tagList(
    numericInput(NS(id, "bins"), "bins", 10, min = 1, step = 1),
    plotOutput(NS(id, "hist"))
  )
}

I’ve decided to give this module two inputs: x, the variable to plot, and a title for the histogram. Both will be reactive so that they can change over time. (The title is a bit frivolous but it’s going to motivate an important technique very shortly). Note the default value of title: it has to be reactive, so we need to wrap a constant value inside of reactive().

histogramServer <- function(id, x, title = reactive("Histogram")) {
  stopifnot(is.reactive(x))
  stopifnot(is.reactive(title))
  
  moduleServer(id, function(input, output, session) {
    output$hist <- renderPlot({
      req(is.numeric(x()))
      main <- paste0(title(), " [", input$bins, "]")
      hist(x(), breaks = input$bins, main = main)
    }, res = 96)
  })
}
histogramApp <- function() {
  ui <- fluidPage(
    sidebarLayout(
      sidebarPanel(
        datasetInput("data", is.data.frame),
        selectVarInput("var"),
      ),
      mainPanel(
        histogramOutput("hist")    
      )
    )
  )
  
  server <- function(input, output, session) {
    data <- datasetServer("data")
    x <- selectVarServer("var", data)
    histogramServer("hist", x)
  }
  shinyApp(ui, server)
} 
# histogramApp()

15.3.6 Multiple outputs

It would be nice if we could include the name of selected variable in the title of the histogram. There’s currently no way to do that because selectVarServer() only returns the value of the variable, not its name. We could certainly rewrite selectVarServer() to return the name instead, but then the module user would have to do the subsetting. A better approach would be for the selectVarServer() to return both the name and the value.

A server function can return multiple values exactly the same way that any R function can return multiple values: by returning a list. Below we modify selectVarServer() to return both the name and value, as reactives.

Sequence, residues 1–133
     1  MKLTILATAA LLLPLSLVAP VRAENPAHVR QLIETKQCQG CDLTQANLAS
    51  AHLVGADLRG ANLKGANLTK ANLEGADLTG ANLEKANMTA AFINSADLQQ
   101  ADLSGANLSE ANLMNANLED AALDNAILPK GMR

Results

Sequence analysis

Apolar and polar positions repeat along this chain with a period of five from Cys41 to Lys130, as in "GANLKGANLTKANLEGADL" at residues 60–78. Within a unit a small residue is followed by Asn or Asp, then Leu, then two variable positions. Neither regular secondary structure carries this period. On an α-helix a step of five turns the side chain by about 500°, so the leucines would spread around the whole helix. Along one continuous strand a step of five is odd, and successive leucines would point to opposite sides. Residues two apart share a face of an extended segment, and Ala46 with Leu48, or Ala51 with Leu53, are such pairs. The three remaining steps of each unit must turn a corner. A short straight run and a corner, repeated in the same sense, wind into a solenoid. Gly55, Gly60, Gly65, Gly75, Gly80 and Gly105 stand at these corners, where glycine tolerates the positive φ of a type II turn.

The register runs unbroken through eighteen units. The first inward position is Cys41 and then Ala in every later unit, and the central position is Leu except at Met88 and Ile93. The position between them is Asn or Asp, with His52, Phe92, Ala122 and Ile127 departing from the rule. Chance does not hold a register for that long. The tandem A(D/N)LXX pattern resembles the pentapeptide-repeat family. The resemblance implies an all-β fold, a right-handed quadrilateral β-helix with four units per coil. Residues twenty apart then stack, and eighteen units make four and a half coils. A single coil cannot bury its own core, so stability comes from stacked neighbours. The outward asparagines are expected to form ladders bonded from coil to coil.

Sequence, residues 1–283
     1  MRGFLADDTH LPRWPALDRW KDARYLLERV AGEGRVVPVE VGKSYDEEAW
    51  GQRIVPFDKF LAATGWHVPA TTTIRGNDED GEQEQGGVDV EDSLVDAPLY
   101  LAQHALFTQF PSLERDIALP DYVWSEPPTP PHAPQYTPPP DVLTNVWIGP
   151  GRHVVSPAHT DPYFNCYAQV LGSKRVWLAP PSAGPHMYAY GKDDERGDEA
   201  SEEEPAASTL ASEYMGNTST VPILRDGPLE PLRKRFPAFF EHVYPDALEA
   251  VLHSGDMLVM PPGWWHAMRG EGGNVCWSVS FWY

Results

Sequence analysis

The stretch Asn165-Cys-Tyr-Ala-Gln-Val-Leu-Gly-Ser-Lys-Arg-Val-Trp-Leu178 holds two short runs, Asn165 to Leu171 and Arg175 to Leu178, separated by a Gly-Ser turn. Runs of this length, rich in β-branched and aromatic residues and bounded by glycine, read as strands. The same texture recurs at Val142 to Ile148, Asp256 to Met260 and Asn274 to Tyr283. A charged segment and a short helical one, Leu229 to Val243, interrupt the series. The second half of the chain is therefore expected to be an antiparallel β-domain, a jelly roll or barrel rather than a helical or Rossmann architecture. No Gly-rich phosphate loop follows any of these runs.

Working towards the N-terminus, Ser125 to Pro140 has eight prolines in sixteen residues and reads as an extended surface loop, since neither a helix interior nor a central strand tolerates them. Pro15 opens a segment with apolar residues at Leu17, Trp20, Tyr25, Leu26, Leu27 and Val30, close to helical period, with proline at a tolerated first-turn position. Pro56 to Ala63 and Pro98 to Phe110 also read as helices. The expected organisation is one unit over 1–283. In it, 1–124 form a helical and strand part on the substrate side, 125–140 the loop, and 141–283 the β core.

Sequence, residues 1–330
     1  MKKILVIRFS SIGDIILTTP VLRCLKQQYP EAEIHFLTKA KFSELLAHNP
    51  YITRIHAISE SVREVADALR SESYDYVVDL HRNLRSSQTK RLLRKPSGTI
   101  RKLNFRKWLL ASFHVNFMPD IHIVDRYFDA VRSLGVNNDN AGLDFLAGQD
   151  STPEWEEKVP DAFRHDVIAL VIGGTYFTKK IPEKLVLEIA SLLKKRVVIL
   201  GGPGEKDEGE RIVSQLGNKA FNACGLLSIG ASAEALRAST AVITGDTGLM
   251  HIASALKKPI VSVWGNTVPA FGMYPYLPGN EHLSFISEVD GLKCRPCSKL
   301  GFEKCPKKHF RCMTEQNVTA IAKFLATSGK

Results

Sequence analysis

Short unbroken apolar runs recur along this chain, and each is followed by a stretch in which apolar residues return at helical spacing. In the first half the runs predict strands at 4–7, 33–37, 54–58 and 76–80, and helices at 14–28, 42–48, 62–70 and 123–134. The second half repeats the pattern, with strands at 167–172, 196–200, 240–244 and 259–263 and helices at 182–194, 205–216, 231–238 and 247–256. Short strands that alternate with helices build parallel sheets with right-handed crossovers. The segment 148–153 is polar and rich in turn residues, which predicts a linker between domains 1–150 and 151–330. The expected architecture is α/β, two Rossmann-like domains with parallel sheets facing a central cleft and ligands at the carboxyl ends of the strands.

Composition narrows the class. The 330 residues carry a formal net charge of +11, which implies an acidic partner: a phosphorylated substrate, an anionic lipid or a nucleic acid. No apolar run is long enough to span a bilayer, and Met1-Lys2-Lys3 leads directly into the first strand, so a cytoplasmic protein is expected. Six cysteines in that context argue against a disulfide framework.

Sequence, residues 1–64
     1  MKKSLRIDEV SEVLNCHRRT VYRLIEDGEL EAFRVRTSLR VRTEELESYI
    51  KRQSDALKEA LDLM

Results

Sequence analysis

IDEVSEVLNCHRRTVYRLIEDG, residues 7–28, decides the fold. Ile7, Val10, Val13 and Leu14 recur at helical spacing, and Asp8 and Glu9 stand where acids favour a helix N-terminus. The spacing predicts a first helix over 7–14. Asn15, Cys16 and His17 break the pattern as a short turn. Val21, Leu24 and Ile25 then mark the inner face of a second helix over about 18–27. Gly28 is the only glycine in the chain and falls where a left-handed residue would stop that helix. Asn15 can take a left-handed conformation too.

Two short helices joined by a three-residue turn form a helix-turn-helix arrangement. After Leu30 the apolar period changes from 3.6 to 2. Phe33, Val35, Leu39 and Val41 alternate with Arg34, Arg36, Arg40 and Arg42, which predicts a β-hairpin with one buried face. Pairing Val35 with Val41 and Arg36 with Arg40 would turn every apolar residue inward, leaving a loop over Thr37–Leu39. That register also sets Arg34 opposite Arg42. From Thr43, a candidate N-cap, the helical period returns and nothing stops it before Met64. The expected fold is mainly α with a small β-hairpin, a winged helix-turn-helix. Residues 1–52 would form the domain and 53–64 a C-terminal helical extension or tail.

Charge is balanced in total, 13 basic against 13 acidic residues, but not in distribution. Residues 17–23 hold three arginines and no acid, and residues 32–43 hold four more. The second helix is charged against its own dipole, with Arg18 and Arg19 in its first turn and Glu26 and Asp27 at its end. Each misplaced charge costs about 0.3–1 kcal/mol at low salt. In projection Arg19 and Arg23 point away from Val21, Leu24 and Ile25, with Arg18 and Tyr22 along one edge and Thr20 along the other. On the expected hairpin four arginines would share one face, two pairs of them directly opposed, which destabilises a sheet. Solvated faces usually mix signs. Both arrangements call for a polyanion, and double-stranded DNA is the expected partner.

selectVarServer <- function(id, data, filter = is.numeric) {
  stopifnot(is.reactive(data))
  stopifnot(!is.reactive(filter))
  
  moduleServer(id, function(input, output, session) {
    observeEvent(data(), {
      updateSelectInput(session, "var", choices = find_vars(data(), filter))
    })
    
    list(
      name = reactive(input$var),
      value = reactive(data()[[input$var]])
    )
  })
}

Now we can update our histogramApp() to make use of this. The UI stays the same; but now we pass both the selected variable’s value and its name to histogramServer().

histogramApp <- function() {
  ui <- fluidPage(...)

  server <- function(input, output, session) {
    data <- datasetServer("data")
    x <- selectVarServer("var", data)
    histogramServer("hist", x$value, x$name)
  }
  shinyApp(ui, server)
} 

The main challenge with this sort of code is remembering when you use the reactive (e.g. x$value) vs. when you use its value (e.g. x$value()). Just remember that when passing an argument to a module, you want the module to react to the value changing which means that you have to pass the reactive, not it’s current value.

If you find yourself frequently returning multiple values from a reactive, you might also consider using the zeallot package. zeallot provides the %<-% operator which allows you to assign into multiple variables (sometimes called multiple, unpacking, or destructuring assignment). This can useful when returning multiple values because you avoid a layer of indirection.

library(zeallot)

histogramApp <- function() {
  ui <- fluidPage(...)

  server <- function(input, output, session) {
    data <- datasetServer("data")
    c(value, name) %<-% selectVarServer("var", data)
    histogramServer("hist", value, name)
  }
  shinyApp(ui, server)
}

15.3.7 Summary

To summarise what you’ve learned in this section: